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Metapoetry in Euripides is the first detailed study of the self-conscious literary devices applied within Euripidean drama and how these are interwoven with issues of thematic importance, whether social, theological, or political. In the volume, Torrance argues that Euripides employed a complex system of metapoetic strategies in order to draw the audience's attention to the novelty of his compositions. Torrance also looks at and compares metapoetictechniques used in tragedy, satyr-drama, and old comedy to demonstrate that the Greek tragedians commonly exploited metapoetic strategies, and that metapoetry is more pervasive in Euripides than in the other tragedians. While Euripides shares some metapoetic techniques with old comedy, these remain implicit in histragedies (but not in his satyr-dramas).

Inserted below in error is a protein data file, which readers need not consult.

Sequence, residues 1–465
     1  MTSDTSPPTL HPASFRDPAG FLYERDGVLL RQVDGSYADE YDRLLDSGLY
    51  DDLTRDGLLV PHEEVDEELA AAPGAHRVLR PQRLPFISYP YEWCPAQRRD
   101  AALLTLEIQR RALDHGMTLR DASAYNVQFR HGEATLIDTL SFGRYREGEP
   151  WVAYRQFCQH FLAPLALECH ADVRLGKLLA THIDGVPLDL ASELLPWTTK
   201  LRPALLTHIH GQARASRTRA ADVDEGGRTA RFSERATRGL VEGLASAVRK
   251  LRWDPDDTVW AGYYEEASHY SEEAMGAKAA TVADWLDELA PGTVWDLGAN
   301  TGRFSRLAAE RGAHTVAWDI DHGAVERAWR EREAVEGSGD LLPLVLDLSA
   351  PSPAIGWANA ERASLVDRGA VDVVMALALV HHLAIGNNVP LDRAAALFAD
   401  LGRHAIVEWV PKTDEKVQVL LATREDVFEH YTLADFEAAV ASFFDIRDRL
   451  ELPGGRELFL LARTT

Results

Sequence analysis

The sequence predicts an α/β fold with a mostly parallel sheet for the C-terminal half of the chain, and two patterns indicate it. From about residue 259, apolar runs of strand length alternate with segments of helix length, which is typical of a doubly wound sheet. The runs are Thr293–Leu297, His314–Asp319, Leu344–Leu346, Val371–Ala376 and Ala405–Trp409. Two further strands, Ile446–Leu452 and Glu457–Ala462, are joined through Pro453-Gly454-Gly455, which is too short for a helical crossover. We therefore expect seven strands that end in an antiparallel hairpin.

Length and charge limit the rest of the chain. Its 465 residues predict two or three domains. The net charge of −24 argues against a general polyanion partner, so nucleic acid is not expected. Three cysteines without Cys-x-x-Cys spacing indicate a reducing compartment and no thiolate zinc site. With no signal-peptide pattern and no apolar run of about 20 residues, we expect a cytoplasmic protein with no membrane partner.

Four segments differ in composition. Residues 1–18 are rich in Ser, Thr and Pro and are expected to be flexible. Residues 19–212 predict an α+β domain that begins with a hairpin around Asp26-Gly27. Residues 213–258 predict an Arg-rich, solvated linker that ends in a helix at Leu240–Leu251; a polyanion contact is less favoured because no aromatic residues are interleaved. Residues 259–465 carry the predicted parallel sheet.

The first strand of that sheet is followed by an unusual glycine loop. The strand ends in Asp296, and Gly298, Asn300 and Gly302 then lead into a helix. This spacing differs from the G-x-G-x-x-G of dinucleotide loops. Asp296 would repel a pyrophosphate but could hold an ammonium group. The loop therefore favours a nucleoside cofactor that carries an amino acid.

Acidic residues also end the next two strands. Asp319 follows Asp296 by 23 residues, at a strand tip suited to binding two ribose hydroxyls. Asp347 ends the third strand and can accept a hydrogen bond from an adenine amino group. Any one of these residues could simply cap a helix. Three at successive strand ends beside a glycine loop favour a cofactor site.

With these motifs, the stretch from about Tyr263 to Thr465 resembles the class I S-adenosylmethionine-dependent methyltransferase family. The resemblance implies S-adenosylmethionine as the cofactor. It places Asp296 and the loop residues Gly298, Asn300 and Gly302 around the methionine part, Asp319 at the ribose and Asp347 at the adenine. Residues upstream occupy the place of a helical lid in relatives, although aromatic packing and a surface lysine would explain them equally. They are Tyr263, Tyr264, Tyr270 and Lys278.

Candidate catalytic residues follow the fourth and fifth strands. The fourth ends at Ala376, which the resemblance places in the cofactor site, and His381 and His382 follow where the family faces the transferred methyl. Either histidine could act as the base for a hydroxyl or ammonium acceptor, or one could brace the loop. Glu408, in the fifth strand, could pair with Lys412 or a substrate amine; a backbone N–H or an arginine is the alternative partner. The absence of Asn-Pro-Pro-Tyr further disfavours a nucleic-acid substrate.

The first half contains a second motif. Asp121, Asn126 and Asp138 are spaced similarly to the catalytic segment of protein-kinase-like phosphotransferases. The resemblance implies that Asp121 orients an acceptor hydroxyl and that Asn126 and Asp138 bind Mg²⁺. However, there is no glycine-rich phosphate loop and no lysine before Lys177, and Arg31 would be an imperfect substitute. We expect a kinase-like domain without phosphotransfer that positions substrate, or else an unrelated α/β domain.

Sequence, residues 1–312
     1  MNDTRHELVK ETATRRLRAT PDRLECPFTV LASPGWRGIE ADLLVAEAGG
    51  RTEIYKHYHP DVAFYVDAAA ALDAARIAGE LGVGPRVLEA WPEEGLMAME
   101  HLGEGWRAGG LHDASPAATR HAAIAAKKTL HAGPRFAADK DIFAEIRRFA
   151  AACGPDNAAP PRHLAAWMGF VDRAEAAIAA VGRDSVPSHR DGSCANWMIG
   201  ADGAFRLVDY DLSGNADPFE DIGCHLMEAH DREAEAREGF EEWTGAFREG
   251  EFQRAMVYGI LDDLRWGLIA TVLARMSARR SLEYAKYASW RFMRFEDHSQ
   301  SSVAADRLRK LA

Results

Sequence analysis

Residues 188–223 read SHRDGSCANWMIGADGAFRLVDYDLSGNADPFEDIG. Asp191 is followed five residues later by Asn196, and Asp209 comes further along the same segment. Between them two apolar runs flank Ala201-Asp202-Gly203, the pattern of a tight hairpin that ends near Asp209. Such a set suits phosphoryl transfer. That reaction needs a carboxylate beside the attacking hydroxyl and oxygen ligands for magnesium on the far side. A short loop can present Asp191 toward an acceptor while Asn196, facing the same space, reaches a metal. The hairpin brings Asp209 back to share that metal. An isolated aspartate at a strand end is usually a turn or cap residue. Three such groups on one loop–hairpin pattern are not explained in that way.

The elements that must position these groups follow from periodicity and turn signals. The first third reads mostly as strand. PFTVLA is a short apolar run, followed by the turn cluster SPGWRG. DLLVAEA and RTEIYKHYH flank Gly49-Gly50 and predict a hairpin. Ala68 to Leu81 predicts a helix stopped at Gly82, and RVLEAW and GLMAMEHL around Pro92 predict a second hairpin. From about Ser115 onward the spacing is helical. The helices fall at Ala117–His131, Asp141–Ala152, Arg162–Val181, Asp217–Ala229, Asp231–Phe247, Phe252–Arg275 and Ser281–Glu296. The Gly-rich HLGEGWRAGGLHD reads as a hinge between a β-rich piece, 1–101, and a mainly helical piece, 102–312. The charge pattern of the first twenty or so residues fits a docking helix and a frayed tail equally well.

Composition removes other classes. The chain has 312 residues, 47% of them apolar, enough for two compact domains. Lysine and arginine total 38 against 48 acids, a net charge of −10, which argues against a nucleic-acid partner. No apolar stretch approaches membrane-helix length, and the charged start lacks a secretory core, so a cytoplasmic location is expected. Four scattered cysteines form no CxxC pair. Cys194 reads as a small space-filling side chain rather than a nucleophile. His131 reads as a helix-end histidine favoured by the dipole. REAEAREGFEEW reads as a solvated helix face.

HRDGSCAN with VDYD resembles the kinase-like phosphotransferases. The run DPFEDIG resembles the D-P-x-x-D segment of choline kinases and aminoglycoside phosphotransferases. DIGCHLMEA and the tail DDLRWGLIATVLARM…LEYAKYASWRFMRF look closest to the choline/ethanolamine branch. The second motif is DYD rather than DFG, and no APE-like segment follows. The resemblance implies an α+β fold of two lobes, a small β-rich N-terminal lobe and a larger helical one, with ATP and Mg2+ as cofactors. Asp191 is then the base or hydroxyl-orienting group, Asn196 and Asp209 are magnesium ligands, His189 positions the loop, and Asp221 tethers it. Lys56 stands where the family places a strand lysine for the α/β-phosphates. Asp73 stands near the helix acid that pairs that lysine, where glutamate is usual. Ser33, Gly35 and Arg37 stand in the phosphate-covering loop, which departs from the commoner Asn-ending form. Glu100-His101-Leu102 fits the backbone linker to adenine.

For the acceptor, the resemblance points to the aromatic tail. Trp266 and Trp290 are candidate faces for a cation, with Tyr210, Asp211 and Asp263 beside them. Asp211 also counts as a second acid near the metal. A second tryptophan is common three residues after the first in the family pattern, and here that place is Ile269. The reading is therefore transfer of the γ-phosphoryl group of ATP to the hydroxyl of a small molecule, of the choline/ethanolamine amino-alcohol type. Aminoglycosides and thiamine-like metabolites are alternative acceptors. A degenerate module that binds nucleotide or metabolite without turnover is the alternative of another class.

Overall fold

Isabelle Torrance is Assistant Professor of Classics at the University of Notre Dame. She has published Aeschylus: Seven Against Thebes (2007) and several articles on Greek tragedy and its reception.
Table of Contents
Preface List of Illustrations Abbreviations Introduction 1. Euripides and the Oresteia 2. Intertextual Ekphrasis 3. Writing and Self-Conscious Mythopoiesis 4. The Trojan War 5. Tragedy, Comedy, and Euripides Conclusion Bibliography Index